Magazine Articles – Park pays tribute to fruit pioneers

Park pays tribute to fruit pioneers

Another magnificent spot in Hastings is Frimley Park which was once the home of J.N. Williams, landowner and industrialist. In a way, it is a memorial to the fruitgrowing pioneers of Hawke’s Bay. Williams developed hectares of orchards at the turn of the century. His main peach orchard at Frimley stretched from Maraekakaho Road to Ormond’s Karamu estate to the west. There were 60 rows of peach trees, each a mile long.

The blossoms of these peach trees created a spectacle which attracted national attention. Williams opened the Frimley Cannery in 1904. Six years later it was employing 250 people and the company was going as far as Wellington to find labour.

Features of today’s park are the large specimen trees planted by Williams around his homestead; a rose garden established by the Hastings Rose Society and an aquatic centre partly financed by J Wattie Canneries, Hawke’s Bay’s next major player in the canning and preservation of the province’s bountiful crops.

There are many other parks and reserves in Napier and Hastings which are also well established with specimen trees but they focus more on sport.

Historic venue

McLean Park, Napier, and Nelson park, Hastings, are historic sporting venues with Hawke’s Bay rugby sides of the 1920s and late 1960s remembered as two of the best New Zealand has ever produced – when the [they] held the Ranfurly Shield.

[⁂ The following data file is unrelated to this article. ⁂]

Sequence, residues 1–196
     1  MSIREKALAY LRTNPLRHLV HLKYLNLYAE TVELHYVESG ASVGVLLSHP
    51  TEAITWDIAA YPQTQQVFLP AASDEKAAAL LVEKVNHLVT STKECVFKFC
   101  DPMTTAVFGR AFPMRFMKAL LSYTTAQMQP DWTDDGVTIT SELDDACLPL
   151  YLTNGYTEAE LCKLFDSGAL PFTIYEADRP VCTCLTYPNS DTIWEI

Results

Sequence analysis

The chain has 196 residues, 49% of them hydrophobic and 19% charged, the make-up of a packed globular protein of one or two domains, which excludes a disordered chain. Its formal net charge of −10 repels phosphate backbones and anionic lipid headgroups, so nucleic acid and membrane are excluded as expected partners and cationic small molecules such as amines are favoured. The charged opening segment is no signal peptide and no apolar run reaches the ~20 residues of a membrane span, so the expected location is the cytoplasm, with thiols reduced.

But they are not just rugby grounds. In 1959 McLean Park became the 50th in the world to be used for test cricket. The Harris Stand burned in 1985 and was replaced with a new stand and another since then which makes the ground attractive as an international venue.

Athletics is now the main summer sport at Nelson Park, Hastings, with its all-weather athletics track. John Walker ran a sub-four minute mile on this track during his successful bid to be the first man to run 100 of them.

The park is also now the home of rugby league in Hastings.

Small beginnings

Akina Park in Hastings has grown from a small parcel of land to a 10ha park, which is the home of Hawke’s Bay softball in the summer, and homes soccer grounds in winter.

This park, off Willowpark Road south, adjoins Hastings Boys’ High School playing fields.


Cemeteries in Napier and Hastings have more to offer visitors than morbid interest. The Havelock North cemetery has a wealth of history. In 1871 Havelock North was the secondary settlement of Hawke’s Bay. It was the stopping place for travellers.

Photo caption – BEAUTIFUL Frimley Park includes a rose garden established by the Hastings Rose Society.